Outside of some developments in the Beltiline, cash-for-density fund established by the City is being underutilized by developers. Illustration courtesy of Qualex-Landmark.

Let’s make a deal

Industry spokesperson says construction fund largely going unused

Players in one of the city’s most active multi-family construction areas have made limited use of a cash-for-density fund established by the City of Calgary, says a spokesperson for the industry.

While a number of projects have been brought forward related to the Beltline Community Investment Fund (BCIF), the CHBA-UDI Calgary Region Association, the umbrella organization for the builders and developers in and around Calgary, is scratching its head about why the fund hasn’t been used more.

“We are attempting to answer the question regarding why more people in the industry have not submitted proposals to the BCIF committee,” says Beverly Jarvis, director of policy, projects, and government relations for CHBA-UDI. “We would like to know if the issue is simply awareness, or something else.”

Jarvis is the CHBA-UDI representative on the BCIF administrative committee, which is responsible for evaluating and approving applications to the fund.

Since 2006 when the fund was created, the City of Calgary has been collecting funds contributed by developers, and in return those developers have been allowed to build more densely within the Beltline. The Beltline area is located directly south of the CPR tracks at Ninth Avenue on the shoulder of the city core.

Jarvis says that while some developers are aware of and have used the fund, there are still those who have not taken advantage of its availability.

She adds that while CHBA-UDI continues to encourage its members to submit proposals and projects there is still room for more accessibility.

“But despite our efforts, I would not consider it (the fund and its benefits) well-known to developers,” Jarvis says.

To date, the fund has contributed to projects that include underpass enhancements, signal-box wraps, and pedestrian transit way funding. But there are also opportunities for other projects like park improvements and buying land for future parks, streetscape trees and furniture, conceptual design studies, and consultancy services to support sustainable development within the community.

Projects valued at up to $75,000 can be approved by the administrative committee and can take about three months to process. More expensive projects must be approved by city council and must also be identified in the city’s capital budget.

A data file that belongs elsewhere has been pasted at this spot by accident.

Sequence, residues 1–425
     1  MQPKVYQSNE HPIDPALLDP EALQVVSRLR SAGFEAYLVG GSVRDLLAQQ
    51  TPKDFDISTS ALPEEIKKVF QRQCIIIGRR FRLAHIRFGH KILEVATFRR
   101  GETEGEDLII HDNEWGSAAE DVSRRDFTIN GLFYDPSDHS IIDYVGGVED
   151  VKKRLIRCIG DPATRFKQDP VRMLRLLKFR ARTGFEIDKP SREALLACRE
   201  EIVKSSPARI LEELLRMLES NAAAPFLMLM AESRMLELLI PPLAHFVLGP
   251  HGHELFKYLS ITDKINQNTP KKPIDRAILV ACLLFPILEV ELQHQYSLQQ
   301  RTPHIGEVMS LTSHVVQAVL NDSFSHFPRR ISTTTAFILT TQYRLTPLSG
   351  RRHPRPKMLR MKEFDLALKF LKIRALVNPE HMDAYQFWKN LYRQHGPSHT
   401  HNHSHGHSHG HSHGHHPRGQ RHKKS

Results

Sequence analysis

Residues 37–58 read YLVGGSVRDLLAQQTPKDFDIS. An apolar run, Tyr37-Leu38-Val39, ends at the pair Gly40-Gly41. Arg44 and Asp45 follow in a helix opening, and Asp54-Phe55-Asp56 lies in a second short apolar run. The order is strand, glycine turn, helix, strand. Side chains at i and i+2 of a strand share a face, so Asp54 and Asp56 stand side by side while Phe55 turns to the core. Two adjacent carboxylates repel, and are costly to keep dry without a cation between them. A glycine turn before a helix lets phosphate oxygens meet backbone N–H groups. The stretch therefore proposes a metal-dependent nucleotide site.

One developer taking the opportunity to increase density in its buildings is Qualex-Landmark, a Vancouver-based company with a long and successful history in the Beltline.

“The fund has provided us with the chance to increase density over what was originally permitted,” says Parham Mahboubi, the company’s vice-president of planning and marketing.

“It’s a good tool, one that other developers who are not using it should consider — I know we will when we embark on future projects.”

Qualex-Landmark has been changing the face of the Beltline since breaking ground for its first project in 2002. In that time it has built Stella, Nova, Luna, Calla, and Mark on 10th — which was presented with two CHBA-Alberta Awards of Excellence in Housing as the best multi-family development in the province and for the best apartment priced under $350,000.

Its newest tower, Park Point, is located across from Central Memorial Park and is currently under construction.

“There is no shortage of ideas that can transform good urban ideas into great ones.”

Charron Ungar, president of Avi Urban, which develops multi-family projects in both the urban and suburban markets but is currently not active in the Beltline, says the funding idea has merit.

He also says that while he is familiar with the fund, the fact it is being under-utilized would suggest more effort is needed to get the word out.

“There is no shortage of ideas that can transform good urban ideas into great ones, and the fund can assist with that, then the fact it isn’t being utilized effectively just short changes to community as a whole,” he says.

Jarvis says attempts have been made to bring the BCIF program forward in meetings of the board, commercial and redevelopment committees, and continue to encourage them to submit projects or proposals.

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